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Reconciling with First Nations: A Reader-funded Solutions Series

You made possible Sandra Shields' hopeful look at the 'New Relationship' in her community.

David Beers 30 Mar

David Beers is founding editor of The Tyee.

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Shields: a personal journey. Photo by David Campion.

We are proud today to present further fruits of your donations to The Tyee's Fellowship Funds for Investigative and Solutions-oriented Reporting.

Writer Sandra Shields returned from Africa with fresh eyes -- eyes that longed to see how First Nations people in British Columbia might achieve a more just and equitable relationship with the descendents of their European colonizers. The result is a four-part series, funded by a Tyee Fellowship for Solutions Reporting, exploring how the officially declared "New Relationship" is faring in the Fraser Valley.

Shields and partner photographer David Campion, an award-winning team, spent months with the Himba tribe of Southern Africa, documenting the impact of development on their grazing culture and seeing first hand the importance of land rights to the well being of indigenous people. The couple returned home and moved to B.C. shortly before the 1997 Delgamuukw decision by Canada's Supreme Court ruled that in the absence of treaties, First Nations retained their title and rights to the land.

"For me as a non-Aboriginal Canadian," Shields says, "that was when the penny dropped. David and I realized this was the same story we had followed in Africa, just 150 years further along the colonization process." At the time, says Shields, "We were living near Vancouver's Downtown Eastside, the largest unofficial reserve in Canada. There we were in the heart of the trauma that affects First Nations people across Canada."

Then two years ago came Premier Campbell's declaration of a "new relationship" with Aboriginal people in B.C., a commitment, said the premier, to "opening up new dialogue, new understanding and new access to resources - to close the gaps in health, education, housing and economic opportunity that have failed Aboriginal people throughout Canada's entire history."

A 'lightening'

Such lofty promises caused Shields to want to make a fine-grained report on how First Nations people and non-Natives might be working out new relationships in the schools, the timber lots, the negotiating rooms and even on the sidelines of kids' soccer games. She chose to focus her reporting in and around Deroche, the small community in the Fraser Valley where she lives.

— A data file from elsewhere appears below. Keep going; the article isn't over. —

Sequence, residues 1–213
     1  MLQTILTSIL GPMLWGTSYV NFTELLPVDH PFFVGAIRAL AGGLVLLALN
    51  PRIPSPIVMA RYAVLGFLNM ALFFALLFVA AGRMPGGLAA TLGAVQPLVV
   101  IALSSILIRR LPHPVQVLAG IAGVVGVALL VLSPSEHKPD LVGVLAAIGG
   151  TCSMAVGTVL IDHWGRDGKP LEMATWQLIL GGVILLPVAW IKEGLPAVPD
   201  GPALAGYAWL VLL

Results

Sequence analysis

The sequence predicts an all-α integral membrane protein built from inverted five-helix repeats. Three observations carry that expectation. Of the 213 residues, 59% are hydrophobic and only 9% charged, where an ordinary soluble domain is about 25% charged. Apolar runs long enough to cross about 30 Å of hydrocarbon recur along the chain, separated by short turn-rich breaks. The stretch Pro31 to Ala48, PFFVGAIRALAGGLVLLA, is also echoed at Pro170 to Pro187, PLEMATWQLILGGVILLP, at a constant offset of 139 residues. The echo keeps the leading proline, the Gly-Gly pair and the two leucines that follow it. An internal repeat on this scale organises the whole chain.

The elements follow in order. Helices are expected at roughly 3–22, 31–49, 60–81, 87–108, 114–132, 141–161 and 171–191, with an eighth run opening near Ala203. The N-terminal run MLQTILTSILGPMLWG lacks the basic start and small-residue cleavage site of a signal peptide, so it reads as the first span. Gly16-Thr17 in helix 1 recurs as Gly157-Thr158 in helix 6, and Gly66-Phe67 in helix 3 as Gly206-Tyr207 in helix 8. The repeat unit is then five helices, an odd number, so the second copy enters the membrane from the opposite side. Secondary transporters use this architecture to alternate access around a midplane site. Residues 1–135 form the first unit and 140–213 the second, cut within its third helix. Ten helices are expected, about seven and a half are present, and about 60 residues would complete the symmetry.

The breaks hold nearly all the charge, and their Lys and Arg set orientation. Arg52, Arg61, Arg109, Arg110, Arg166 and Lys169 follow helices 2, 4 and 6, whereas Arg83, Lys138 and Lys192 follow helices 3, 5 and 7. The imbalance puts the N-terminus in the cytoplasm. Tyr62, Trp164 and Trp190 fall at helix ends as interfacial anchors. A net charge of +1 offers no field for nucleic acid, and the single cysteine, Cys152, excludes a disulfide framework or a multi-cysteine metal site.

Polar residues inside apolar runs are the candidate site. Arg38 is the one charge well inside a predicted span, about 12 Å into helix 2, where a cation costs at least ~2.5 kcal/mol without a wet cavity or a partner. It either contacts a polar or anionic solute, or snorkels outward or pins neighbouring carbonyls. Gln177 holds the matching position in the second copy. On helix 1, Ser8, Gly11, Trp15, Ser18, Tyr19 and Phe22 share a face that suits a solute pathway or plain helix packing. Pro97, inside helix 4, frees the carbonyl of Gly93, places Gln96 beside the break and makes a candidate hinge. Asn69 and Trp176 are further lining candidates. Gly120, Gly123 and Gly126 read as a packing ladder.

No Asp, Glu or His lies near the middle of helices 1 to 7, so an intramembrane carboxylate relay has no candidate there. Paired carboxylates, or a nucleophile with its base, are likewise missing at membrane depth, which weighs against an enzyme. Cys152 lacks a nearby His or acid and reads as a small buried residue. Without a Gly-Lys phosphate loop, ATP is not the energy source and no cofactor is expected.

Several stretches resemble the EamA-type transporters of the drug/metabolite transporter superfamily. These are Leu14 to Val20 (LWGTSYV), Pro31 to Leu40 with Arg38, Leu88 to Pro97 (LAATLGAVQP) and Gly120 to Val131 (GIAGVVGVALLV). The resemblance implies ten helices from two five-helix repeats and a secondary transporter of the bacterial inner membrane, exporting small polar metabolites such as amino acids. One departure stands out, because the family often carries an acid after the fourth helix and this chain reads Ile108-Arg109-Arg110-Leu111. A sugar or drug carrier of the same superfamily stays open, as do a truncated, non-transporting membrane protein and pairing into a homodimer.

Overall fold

Shields was supported in her project by a $5000 Tyee Fellowship for Solutions Reporting, which is funded by Tyee readers' donations and awarded by an independent jury of expert journalists. "I wanted to explore the story in my own community. The Fellowship allowed me walk out the door, pick up threads and follow them. The journey went much further than I expected." In fact, Shields sees a book in the making.

And she has emerged from the process cautiously hopeful, sensing "a lightening" in relations, "at least provincially" - but at the same time saying, "This is really just the beginning."

"People who are experts in reconciliation talk about the need to be clear about what really happened, to find ways to address injustice, to root it out, to find ways of sharing power differently. That's generations of work," says Shields. "Thank god we are embarking on it, but there is a lot of work ahead of us and it will require an enduring commitment on all parts."

Important projects

Previously The Tyee published the prescient and much cited series "Rough Weather Ahead: How Global Warming Will Hit BC," written by Chris Wood, recipient of a Tyee Fellowship for Investigative Reporting. Two more Tyee fellowship-funded series are slated for publication in the near future, and journalists will be invited to submit new proposals in the months ahead.

If you are interested in making a tax-deductible donation to The Tyee's Fellowship Funds please read this.  [Tyee]

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